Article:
Top dog heading east: Dalmatian to compete in Westminster
Jessica MacMillan has been showing dogs for as long as she can remember -- and her reputation reflects it.
Next week MacMillan, East Farmington, will travel with her mother and Argus, a 6-year-old liver and white dalmatian, to New York for the 2011 Westminster Dog Show.
Argus, whose full name is "American Grand Champion UKC. INT. CAN Champion. Paisley NspirD By Broadway, Register of Merit," is considered one of the top five dalmatians in the country, which automatically qualified him for the prestigious Westminster show.
Argus is co-owned by Sue MacMillan, Jessica's mother, and Ginger and Mark Iwaoka.
Sue is Argus' handler, Jessica attends the shows as moral support and as a backup "if mom has a meltdown."
"I've shown him several times and have won with him a bunch too," she said.
To qualify for Westminster, a dog must have previously won an American Kennel Club championship. To have a spot held -- like Argus -- you must be one of the top five of your breed.
The Westminster Dog Show is not like any other dog show, MacMillan said.
"This is the only champions only show," she said. "It's the ultimate show with all the big names and the top dogs.
"Champions can enter until the number of entries reaches its limit of 2,600. The top five are guaranteed a spot -- no matter what," she said.
Although this will be MacMillan's second time at the Westminster show, it will be the first time that one of her dogs is being shown.
"We've had other dogs who have qualified," she said. "But we've never gone. It's a process and not easy to travel with a dog."
Argus and his entourage will leave Minneapolis on Feb. 12 and return Feb. 16.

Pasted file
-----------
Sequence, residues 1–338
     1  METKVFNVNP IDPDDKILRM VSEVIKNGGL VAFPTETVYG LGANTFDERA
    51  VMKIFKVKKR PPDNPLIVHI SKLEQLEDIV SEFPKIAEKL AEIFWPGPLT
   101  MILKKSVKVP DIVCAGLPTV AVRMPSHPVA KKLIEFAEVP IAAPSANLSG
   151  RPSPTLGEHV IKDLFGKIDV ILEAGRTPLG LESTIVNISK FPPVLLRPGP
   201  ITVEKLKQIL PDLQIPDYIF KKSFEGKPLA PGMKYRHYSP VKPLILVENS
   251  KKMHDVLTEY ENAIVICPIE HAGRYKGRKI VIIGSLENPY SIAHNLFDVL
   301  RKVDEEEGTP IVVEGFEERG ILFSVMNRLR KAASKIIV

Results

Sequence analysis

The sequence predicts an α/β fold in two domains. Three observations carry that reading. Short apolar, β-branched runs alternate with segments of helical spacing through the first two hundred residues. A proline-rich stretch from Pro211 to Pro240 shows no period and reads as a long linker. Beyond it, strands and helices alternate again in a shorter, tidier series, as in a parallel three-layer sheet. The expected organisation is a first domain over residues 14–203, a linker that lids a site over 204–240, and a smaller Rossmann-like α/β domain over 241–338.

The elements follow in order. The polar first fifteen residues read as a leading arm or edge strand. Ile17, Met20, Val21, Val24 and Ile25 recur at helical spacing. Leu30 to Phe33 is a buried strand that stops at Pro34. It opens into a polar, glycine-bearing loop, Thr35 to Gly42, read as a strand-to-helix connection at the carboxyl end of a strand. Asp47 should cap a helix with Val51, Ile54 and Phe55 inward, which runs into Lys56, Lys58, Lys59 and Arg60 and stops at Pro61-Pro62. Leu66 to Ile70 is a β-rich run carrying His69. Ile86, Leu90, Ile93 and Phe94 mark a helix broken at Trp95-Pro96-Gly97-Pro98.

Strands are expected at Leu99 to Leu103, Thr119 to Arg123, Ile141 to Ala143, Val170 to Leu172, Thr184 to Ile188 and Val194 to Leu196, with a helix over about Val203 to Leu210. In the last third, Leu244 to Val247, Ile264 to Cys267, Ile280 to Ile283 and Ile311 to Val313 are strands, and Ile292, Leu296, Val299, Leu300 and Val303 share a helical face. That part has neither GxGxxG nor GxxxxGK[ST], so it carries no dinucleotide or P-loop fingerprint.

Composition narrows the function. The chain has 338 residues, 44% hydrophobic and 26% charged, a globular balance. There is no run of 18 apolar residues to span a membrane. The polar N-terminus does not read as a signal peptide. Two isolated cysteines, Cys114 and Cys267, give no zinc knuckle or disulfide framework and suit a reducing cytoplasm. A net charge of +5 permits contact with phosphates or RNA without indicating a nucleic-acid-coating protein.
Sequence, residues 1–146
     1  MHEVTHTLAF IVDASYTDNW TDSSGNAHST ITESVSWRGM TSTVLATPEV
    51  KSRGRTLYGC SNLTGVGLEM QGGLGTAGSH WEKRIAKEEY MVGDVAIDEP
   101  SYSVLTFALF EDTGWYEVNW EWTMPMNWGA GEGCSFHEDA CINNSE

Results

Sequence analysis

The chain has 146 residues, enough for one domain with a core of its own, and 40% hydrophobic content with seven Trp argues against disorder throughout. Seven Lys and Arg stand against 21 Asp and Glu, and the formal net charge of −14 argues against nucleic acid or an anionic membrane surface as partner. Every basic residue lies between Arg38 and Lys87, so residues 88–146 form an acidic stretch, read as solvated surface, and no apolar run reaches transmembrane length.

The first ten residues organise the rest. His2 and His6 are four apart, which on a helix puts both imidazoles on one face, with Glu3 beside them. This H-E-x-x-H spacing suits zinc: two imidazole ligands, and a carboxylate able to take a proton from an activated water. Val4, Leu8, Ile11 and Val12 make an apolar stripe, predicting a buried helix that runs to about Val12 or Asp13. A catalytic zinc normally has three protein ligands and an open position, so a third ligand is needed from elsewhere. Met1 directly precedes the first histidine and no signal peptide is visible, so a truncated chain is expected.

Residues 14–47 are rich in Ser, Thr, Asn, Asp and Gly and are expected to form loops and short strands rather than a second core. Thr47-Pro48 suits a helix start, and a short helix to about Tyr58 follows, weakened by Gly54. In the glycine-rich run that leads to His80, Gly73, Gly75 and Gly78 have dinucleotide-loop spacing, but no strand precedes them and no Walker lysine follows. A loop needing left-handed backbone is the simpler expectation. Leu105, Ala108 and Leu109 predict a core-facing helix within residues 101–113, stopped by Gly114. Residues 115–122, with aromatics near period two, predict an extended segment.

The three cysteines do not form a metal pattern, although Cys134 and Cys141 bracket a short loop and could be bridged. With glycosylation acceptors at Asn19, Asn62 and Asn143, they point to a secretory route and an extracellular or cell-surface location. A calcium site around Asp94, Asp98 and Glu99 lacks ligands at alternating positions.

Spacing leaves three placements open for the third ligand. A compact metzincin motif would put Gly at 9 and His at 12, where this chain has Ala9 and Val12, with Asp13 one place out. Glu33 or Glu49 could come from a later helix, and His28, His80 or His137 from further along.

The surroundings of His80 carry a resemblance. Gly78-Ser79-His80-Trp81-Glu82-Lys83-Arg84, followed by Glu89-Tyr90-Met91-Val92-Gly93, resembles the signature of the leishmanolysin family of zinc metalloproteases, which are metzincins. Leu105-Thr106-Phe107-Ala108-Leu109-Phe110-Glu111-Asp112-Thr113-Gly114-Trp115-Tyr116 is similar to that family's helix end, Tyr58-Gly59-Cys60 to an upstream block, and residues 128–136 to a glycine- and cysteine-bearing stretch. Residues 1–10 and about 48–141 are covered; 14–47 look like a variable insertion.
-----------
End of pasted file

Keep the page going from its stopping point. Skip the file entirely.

The group will fly into New York's LaGuardia Airport. Although Argus would prefer a seat on the plane, he'll be crated and shipped in the plane's cargo hold, MacMillan said.
While traveling as cargo might seem stressful for a dog, MacMillan said she's not worried about it.
"Last time he flew (to Tennessee) he got Best in Show," she said with a grin.
Looking at Argus' resume, it's hard to believe that he was once a squirly puppy.
"He was ... foolish as a puppy," MacMillan said.
Argus was just six months old when he was entered in his first show, she said.
"My mom was pretty upset after that one," she said. "He embarrassed her pretty bad with his silly puppy antics."
MacMillan said dog shows are hit or miss, depending on the dog's attitude.
"Sometimes they think they're there to socialize," she said. "Even though they're show trained, sometimes they think they have better things to do."
Argus' life is far from all work and no play.
Although he is exercised daily, he also enjoys curling up on the couch and napping in the sun, MacMillan said.
"To be a good show dog, you have to be a good companion dog too," she said. "You still have to have fun. That's part of being a dog."
Dog shows aren't all about winning, MacMillan said.
Originally shows were a way to evaluate stock for future breeding purposes. Now, there's a lot of money involved, she said.
Although winning is always exciting, the true test is what a particular dog can contribute to its breed, she said.
Argus is a multiple Best In Show winner, won the Dalmatian Club of America National Specialty in 2008, is a Regional Specialty Winner and the sire of 12 champions, including four AKC grand champions.
"Argus is a good sire and produces beautiful girls," she said. "That contribution to his breed is what's most important."
Argus will be in the ring Monday morning competing along side the other 20 dalmatians.
Individual breed judging will not be televised; however, streaming video will be available on www.westminsterkennelclub.org. If Argus is selected Best of Breed, he'll move on to the group competition (dalmatians are part of the non-sporting group). Group competition will be televised Monday evening beginning at 7 p.m. The winner of each group competition moves on to the Best in Show competition -- televised Tuesday, Feb. 15, on USA Network.